Each year, spectators at the Wimbledon tennis tournament get through a whopping 30 tons of strawberries in the course of a summer fortnight. It is no wonder that the association between Wimbledon and strawberries is such a marketing triumph. But why do we fall for it?
Scientists have actually worked out what it is we love so much about strawberries by pinning down the molecular basis of the its aroma. This can also explain why wild strawberries often taste better than shop-bought ones. The good news is that the work is helping them uncover how to make them even more delicious.
Strawberries have a long and proud history – even the ancient Romans ate them. We know this from the works of poets Virgil and Ovid, which referred to them as fraga. The medieval artist Hieronymus Bosch had several strawberries in his triptych the “Garden of Earthly Delights”, painted around 1500.
Some 500 years ago, the wood strawberry, Fragaria vesca, was around in Europe and the musk strawberry, Fragaria moschata, was starting to be cultivated. These were what we would recognise today as wild strawberries, characterised by small, misshapen fruit.
The most common type of strawberries we eat today came to us by coincidence via the transatlantic explorations of Christopher Columbus and his successors. First the very hardy Virginia strawberry (Fragaria Virginiana), a native of North America, reached Europe in the 17th century. Then early in the 18th century, the large Chilean strawberry (Fragaria Chiloensis) came to France.
As a result of an initial fortuitous pollination, these two species were crossed, giving rise to the cultivated strawberry we eat today, Fragaria ananassa, sometimes known as the “garden strawberry”. This combined in one fruit two particular traits inherited from its forerunners: hardiness and large fruit.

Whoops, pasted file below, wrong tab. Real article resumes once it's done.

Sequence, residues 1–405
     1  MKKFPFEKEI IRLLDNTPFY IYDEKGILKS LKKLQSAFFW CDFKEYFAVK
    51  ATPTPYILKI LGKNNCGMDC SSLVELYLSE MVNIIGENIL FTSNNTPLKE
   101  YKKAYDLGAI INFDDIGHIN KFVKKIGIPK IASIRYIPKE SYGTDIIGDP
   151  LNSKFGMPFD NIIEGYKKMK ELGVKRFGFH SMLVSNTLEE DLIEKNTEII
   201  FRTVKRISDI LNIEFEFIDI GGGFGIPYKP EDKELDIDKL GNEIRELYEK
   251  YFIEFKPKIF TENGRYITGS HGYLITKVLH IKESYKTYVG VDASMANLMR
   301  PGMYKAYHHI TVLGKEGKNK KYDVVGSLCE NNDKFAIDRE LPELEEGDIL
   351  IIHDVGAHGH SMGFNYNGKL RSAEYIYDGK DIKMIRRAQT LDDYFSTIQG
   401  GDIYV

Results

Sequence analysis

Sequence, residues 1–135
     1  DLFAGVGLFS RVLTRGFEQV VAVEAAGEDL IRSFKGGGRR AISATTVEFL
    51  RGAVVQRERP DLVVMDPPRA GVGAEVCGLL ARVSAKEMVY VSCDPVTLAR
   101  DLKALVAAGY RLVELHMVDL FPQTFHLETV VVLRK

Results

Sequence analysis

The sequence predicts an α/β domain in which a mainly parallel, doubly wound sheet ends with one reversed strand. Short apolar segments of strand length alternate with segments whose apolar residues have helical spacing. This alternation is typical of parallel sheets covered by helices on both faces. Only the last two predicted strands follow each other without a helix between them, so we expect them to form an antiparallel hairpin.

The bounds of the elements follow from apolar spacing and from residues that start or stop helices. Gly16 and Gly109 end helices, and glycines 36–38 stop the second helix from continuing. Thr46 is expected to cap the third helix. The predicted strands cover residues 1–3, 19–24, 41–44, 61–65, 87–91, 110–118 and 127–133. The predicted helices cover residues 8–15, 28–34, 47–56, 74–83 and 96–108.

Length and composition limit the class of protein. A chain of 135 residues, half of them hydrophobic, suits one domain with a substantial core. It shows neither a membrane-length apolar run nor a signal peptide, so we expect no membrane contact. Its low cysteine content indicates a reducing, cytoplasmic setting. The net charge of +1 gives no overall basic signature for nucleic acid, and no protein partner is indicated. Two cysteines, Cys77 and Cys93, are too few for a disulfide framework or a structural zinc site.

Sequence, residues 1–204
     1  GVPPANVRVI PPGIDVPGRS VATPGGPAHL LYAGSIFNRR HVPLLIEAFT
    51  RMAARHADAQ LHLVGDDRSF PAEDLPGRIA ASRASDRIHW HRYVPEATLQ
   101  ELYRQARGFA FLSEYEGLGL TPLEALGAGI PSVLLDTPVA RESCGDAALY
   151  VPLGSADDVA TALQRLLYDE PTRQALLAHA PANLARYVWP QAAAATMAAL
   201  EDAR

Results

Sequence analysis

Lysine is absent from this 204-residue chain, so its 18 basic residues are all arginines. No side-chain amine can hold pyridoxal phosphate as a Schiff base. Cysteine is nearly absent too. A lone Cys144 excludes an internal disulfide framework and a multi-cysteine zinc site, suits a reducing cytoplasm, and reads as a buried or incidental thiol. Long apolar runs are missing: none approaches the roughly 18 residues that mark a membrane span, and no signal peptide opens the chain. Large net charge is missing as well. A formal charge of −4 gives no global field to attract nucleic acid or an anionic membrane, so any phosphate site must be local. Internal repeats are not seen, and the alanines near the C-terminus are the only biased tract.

The Chemistry Of Taste And Smell
When I was young – in the 1950s – you only saw strawberries in the shops for a couple of weeks of the summer, roughly coinciding with Wimbledon. Now we have them all the year round.
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This is because strawberry breeders have been aiming for fruit with particular (and marketable) properties such as uniform appearance, large fruit, freedom from disease and long shelf-life. But by concentrating on genetic factors that favour these qualities, other genes have been lost, such as some of the genes responsible for flavour.
The balance of sweetness and acidity is very important to the taste of a strawberry. As strawberries ripen, their sugar content rises from about 5% in unripe green fruit to 6–9% on ripening. At the same time, the acidity decreases, meaning ripe strawberries taste much sweeter.
The ripening process is controlled by a hormone called auxin. When its activity reaches its peak, it causes the cell wall to degrade and so a ripe strawberry becomes juicy as well as sweet. At the same time, gaseous molecules from the strawberries make their way up the back of the throat to our nose when we chew on them, where they plug into “smell receptors".
But how do scientists know which molecules are responsible for taste and smell? More than 350 molecules have been identified in the vapour from strawberries – and around 20 to 30 of those are important to their flavour.